So what are some of the changes that Scranton is looking to make? On an academic level, the administration is investigating how Laudato Si’ can be brought into the classrooms at Scranton. “We have an environmental studies concentration that we’ve had for many years; this year the faculty chose to rename it to environmental studies and sustainability,” said Dr. Maldonado. “And something we’ll be looking at in the next academic year is ‘Can we grow that to a minor? Can we grow that to a major?’”

Scranton University’s DeNaples Center is the first LEED Certified building in Lackawanna County, Pa. LEED Certified buildings meet several criteria for energy efficiency and environmental standards.

Scranton is also looking into the ways that waste and resources are used on campus. “One of the things we’re proposing is to have more water fountains that can be used to refill water bottles, and we’re also going to propose that we should give every student a refillable water bottle in their first year,” said Dr. Maldonado. Though disposable plastic water bottles may not seem like such a waste, they can add up quickly. Even though they can be recycled, that process can still be wasteful and is much less efficient than using a reusable bottle. “Reduce is the highest priority; we want to focus not just on the recycling but the reducing and the reusing,” continued Dr. Maldonado.

While seven years is not that much time for universities, it is a lot of time for the students at Scranton. Those students helping with the initial planning of Scranton becoming a Laudato Si’ University will be alumni in their late 20s when their alma mater has finished this seven-year journey.

Rising senior Karla Schaffer, the incoming Student Government President at The University of Scranton, hopes that during her final year she can contribute to larger environmental improvements at the university. “Although these kinds of changes can’t happen overnight, I think that changes that happen behind the scenes are the most important ones,” said Schaffer. “Specifically, looking at where our money is invested and the types of organizations that are funding us.”

Karla is also a member of the Cry of the Poor working group. The city of Scranton was originally a coal mining town. While it has been decades since coal was actively mined, the environmental effects still linger, especially for poor and marginalized people in the area. “I believe that by addressing the issues facing marginalized communities, we’ll also be addressing issues that are most pressing to our planet,” she said.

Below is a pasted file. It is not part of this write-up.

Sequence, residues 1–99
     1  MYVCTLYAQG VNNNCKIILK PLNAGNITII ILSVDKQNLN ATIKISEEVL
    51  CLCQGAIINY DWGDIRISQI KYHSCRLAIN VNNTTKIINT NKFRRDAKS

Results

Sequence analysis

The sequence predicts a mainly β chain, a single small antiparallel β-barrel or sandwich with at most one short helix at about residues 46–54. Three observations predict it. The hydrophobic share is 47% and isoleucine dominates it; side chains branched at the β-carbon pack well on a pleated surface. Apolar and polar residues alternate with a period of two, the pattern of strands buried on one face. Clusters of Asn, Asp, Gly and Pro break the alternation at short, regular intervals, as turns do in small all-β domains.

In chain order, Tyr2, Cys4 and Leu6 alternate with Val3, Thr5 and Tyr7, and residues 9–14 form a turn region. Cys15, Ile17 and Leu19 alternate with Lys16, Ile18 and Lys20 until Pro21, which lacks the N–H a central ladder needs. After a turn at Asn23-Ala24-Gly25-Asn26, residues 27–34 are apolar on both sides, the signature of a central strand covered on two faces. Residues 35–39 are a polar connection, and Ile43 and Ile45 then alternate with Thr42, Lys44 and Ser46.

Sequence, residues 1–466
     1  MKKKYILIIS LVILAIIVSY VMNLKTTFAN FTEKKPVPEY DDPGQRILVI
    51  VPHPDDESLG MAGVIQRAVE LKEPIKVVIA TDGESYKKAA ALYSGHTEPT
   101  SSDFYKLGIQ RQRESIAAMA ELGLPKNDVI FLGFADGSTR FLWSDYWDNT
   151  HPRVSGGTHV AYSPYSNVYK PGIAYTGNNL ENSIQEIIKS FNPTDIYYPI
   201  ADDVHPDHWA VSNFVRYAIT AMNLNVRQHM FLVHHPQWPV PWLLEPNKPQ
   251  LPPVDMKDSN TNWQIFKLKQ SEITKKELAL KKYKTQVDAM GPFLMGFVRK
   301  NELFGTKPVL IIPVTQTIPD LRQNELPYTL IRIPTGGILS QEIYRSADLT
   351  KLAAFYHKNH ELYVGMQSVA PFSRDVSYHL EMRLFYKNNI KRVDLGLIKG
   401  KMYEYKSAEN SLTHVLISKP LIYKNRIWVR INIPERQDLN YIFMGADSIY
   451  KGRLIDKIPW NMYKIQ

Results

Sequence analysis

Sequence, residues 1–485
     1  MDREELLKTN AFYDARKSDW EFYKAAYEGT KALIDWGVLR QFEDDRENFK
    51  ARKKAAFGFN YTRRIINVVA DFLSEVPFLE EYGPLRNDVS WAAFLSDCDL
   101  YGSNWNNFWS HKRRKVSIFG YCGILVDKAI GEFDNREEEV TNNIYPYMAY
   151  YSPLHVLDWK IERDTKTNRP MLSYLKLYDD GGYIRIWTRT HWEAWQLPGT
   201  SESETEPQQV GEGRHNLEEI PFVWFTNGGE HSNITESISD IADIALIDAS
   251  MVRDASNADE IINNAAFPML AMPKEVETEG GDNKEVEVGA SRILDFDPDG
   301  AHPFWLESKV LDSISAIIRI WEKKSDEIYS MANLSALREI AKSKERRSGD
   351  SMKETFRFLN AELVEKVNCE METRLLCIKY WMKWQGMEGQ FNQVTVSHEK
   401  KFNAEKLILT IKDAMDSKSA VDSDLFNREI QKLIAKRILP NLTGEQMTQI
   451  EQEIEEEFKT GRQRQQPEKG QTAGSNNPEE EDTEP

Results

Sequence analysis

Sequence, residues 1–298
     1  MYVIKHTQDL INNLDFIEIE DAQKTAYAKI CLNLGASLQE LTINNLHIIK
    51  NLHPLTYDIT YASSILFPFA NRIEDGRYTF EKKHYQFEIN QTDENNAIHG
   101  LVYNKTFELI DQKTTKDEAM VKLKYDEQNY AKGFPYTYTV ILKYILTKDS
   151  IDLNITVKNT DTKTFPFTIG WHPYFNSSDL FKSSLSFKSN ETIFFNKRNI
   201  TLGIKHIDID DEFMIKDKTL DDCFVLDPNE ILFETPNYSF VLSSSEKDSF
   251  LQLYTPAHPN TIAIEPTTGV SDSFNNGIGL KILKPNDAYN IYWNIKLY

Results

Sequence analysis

Students moving out from Scranton are encouraged to donate rather than discard items so as to benefit local families. This also reduces landfill waste and helps the university care for creation.

While current students at Scranton are still at the very beginning of this process, future students will take advantage of work being done at Scranton. And, for some, it will be an incentive to come to Scranton. “Something mentioned at one of our town halls was that being a Laudato Si’ University will be a great attraction to prospective students, because all the survey material says that people 18–25 are really onboard with care for our common home,” said Dr. Cosacchi. “So we’re hoping this is going to be a real selling point, in addition to all the other amazing things the university does.”

Beyond being an incentive for future students, Dr. Cosacchi believes that this distinction has an even greater significance that ties into the school’s very identity. “Sometimes people will cynically say, ‘Is such and such a university really Catholic?’ and part of my job as the VP for Mission and Ministry is to show that we are Catholic,” he explained. “Pope Francis has written so eloquently about the care for our common home with Laudato Si’, and by us living out that Care for Creations, we are not only more in line with the Pope’s vision for the Church, but also strengthening our identity as a Catholic institution.”